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If total number of chromosome in the cell is x, then for-example;

Are all animals diploid (x= 2n) ?

Are all fungi haploid (x= n) ?

Are all plants diploid (x= 2n) ?

Are all Protists diploid (x= 2n) ?

Also, what is the ploidy of archaea and bacteria?

Thank you very much.

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  • $\begingroup$ Is diploid = 2n your example for polyploidy in humans? $\endgroup$ Dec 17, 2016 at 9:29
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    $\begingroup$ as a short hint, 1. yes ploidy means number of the chromosome set. (However, "basic-number of chromosome" and "haploid chromosome number" are 2 different thing). 2. Many protists are haploid. Many protists , all plants and some animals (like cnidarian eg jellyfish) show 'alternation of generation'. I. e. they have more than one life-forms in different generations (eg. sporophytic generation and gametophytic generations of plants) that have difference in chromosome number (not possible to discuss in a comment). I'll write an elaborate ans later. $\endgroup$
    – user25568
    Dec 17, 2016 at 11:01
  • $\begingroup$ As well, though the question contains many short parts, still in my view this one question seeks a single thing clear yet brief understanding about ploidy concept (all others are just examples from some discrete domains of life). so I think this question is not too-broad. However only 1 unclear thing is the variable x here is not explained, that could yet be improved. $\endgroup$
    – user25568
    Dec 17, 2016 at 11:27
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    $\begingroup$ @AlwaysConfused I think the OP is referring to total number of chromosome (not pairs) as x. $\endgroup$ Dec 17, 2016 at 17:20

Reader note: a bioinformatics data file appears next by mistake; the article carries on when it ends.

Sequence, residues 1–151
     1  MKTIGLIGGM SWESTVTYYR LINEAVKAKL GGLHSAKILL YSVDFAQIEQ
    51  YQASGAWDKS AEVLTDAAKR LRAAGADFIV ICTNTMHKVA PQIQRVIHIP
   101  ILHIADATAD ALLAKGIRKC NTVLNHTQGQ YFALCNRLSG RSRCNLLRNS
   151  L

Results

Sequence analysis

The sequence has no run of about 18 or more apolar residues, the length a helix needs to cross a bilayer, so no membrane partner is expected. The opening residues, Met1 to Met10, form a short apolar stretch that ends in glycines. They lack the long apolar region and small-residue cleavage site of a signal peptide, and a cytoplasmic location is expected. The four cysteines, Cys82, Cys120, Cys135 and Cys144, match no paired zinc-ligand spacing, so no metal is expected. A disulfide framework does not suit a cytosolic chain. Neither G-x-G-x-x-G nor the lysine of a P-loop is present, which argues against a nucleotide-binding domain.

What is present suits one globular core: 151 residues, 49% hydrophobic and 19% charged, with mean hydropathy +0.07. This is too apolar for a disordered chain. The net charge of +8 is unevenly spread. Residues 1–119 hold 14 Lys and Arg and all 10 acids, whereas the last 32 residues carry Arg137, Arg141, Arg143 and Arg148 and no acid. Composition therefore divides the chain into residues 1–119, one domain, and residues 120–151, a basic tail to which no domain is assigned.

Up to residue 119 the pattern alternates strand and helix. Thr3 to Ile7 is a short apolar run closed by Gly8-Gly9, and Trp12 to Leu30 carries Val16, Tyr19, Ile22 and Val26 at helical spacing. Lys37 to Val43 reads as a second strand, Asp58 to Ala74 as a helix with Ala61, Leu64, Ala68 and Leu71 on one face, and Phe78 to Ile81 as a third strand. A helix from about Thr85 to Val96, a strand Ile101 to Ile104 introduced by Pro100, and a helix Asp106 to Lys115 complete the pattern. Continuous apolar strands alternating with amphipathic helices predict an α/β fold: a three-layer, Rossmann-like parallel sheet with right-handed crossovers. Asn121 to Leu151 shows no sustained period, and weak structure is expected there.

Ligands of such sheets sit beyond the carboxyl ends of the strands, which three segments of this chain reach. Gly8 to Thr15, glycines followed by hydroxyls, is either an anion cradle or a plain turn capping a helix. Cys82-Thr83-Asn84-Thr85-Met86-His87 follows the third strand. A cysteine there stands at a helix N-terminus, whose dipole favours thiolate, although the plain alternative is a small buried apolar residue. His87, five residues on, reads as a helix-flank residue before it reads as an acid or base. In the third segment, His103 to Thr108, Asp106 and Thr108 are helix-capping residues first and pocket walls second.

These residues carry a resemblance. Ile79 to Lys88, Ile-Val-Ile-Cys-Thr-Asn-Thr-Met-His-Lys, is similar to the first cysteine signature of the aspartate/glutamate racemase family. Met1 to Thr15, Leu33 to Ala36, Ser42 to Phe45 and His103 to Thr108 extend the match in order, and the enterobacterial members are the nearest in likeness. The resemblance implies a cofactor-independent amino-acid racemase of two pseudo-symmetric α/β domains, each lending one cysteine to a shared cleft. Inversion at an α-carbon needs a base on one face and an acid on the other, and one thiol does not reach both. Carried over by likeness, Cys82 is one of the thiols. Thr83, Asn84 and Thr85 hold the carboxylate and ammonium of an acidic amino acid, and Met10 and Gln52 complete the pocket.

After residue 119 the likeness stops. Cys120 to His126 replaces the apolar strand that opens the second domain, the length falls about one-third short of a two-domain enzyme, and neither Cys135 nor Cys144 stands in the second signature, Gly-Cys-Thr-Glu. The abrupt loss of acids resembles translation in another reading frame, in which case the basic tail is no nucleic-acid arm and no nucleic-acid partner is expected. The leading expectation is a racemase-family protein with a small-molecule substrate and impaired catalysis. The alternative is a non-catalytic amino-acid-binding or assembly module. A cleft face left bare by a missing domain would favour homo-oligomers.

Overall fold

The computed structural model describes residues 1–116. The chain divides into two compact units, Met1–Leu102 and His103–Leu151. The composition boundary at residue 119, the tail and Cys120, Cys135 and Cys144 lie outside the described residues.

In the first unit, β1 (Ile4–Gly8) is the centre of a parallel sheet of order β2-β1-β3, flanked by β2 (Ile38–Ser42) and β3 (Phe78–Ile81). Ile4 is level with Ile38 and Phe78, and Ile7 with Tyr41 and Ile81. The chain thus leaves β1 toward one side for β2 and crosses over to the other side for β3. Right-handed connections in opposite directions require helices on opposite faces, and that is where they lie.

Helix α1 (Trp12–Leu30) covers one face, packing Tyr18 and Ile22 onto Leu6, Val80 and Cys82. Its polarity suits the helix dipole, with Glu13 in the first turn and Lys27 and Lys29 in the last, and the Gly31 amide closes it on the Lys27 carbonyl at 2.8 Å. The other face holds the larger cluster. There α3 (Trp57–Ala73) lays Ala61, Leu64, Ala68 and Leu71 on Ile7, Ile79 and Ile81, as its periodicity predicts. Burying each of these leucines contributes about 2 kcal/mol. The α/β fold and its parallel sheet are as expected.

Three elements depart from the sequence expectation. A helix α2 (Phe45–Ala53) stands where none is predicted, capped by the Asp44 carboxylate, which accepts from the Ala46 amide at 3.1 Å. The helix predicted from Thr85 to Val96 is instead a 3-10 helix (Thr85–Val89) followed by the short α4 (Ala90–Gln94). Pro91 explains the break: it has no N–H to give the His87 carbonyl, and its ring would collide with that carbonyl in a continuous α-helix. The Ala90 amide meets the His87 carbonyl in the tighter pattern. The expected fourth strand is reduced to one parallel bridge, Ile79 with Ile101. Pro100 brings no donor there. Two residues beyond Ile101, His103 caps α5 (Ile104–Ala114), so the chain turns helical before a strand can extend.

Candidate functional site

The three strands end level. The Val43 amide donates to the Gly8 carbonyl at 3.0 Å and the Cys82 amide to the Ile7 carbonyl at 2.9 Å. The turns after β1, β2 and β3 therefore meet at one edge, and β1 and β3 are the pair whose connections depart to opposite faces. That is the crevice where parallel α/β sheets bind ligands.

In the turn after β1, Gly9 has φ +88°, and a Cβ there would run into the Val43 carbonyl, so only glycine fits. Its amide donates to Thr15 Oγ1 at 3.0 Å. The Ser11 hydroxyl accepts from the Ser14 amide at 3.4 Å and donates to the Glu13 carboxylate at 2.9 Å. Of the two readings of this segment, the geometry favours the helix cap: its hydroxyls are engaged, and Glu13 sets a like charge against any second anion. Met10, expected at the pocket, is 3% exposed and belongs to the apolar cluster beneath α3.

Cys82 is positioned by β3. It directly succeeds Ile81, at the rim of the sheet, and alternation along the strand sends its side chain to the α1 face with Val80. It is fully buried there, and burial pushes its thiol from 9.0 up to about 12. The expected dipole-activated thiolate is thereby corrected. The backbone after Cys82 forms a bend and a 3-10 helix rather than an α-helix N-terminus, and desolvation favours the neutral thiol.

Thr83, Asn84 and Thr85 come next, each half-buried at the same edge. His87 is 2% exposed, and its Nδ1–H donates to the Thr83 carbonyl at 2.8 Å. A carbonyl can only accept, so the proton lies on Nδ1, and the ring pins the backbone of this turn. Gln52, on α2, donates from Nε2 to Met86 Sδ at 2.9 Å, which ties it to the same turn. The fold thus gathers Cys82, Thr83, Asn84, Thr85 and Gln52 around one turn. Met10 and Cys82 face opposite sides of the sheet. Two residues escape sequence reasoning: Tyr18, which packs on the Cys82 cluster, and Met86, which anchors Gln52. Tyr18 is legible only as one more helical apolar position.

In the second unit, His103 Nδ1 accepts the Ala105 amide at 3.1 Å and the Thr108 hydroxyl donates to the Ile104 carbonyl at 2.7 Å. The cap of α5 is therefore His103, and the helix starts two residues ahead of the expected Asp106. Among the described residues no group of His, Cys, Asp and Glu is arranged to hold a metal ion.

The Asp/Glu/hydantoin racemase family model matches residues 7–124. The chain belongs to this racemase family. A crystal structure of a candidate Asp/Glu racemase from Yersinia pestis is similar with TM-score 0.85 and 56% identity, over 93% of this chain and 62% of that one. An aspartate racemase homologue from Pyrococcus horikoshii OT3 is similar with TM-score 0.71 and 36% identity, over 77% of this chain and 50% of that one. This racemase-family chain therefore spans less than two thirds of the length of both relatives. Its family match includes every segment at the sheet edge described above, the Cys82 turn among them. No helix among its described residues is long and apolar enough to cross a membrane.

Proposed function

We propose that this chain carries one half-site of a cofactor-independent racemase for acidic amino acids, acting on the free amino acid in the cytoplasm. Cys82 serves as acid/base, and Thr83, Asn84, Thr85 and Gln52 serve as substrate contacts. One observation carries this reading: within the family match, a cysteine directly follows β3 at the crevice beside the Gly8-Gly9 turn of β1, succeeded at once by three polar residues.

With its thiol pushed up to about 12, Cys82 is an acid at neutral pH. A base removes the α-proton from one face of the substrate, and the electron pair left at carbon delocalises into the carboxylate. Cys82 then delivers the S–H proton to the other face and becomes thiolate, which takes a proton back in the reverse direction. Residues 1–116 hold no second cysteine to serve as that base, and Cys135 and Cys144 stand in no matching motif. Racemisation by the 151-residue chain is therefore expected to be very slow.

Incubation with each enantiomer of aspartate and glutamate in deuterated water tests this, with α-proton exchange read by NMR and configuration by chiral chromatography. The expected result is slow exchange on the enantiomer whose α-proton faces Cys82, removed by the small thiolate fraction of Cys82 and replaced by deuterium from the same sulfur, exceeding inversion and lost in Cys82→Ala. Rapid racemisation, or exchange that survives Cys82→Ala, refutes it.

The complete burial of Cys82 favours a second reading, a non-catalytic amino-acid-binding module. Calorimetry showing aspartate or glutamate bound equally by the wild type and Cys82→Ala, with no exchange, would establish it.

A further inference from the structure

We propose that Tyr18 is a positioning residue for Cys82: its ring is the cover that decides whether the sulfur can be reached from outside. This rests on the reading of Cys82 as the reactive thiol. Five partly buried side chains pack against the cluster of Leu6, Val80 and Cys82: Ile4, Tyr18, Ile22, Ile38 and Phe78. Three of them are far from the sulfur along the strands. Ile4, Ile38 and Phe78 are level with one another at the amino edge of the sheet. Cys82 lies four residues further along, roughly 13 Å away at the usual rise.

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    $\begingroup$ Could I request reopen so that I could post a more detailed answer? I think instead yes/no, quite elaboration would be more useful. For example; many fungi show a "dikaryotic" (n+n) phase. In members with alternation of generation, we cannot use the term "this is a diploid species" or "this is a haploid species". Because unlike our eggs or sperms (n) which couldn't be considered as a "generation"; their meiotic products can stay & divide as a clear-cut "generation". (as well alternation of generation could be triphasic, too). If I get few day for library work I could try make better reference $\endgroup$
    – user25568
    Dec 20, 2016 at 15:30

2 Answers 2

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Are all animals haploid (n=x) ?

No

Are all fungi haploid (n=x) ?

No

Are all plants diploid (2n=x) ?

No

Are all Protists diploid (2n=x) ?

No

Also, what is the ploidy of archaea and bacteria?

Generally speaking, Bacteria and Archaea don't have chromosomes (but have circular DNA). As such the question of ploidy does not really apply to them.

You might want to read about Biological life cycle to understand the terms haplontic, diplontic, haplodiplontic (and other similar terms).

Ploidy level can easily varies among species of the same family (typically in plants for which hybridization is common). There is no reason to expect that a taxon as big as "fungi" (for example) would all have the same level of ploidy.

Note that your question that all animals are haploids is surprising as you just described that humans are diploids.

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    $\begingroup$ Just want to add that it's certainly possible to talk about bacterial ploidy -- in fact there's a huge amount of variation in how many copies of their chromosome they maintain. $\endgroup$ Dec 22, 2016 at 0:59
  • $\begingroup$ @VictorChubukov Thanks. I don't know much about that. Do you know a good reference for further investigations? $\endgroup$
    – Remi.b
    Dec 24, 2016 at 11:01
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In animal, reproductive cells are haploid for human

Male bees, wasps, and ants are haploid because of the way they develop: from unfertilized, haploid eggs

some fungi are also haploid

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    $\begingroup$ bhakti - can you add some references to your answer? we appreciate that very much on BiologySE and it will strengthen your answer greatly $\endgroup$ Dec 17, 2016 at 17:58

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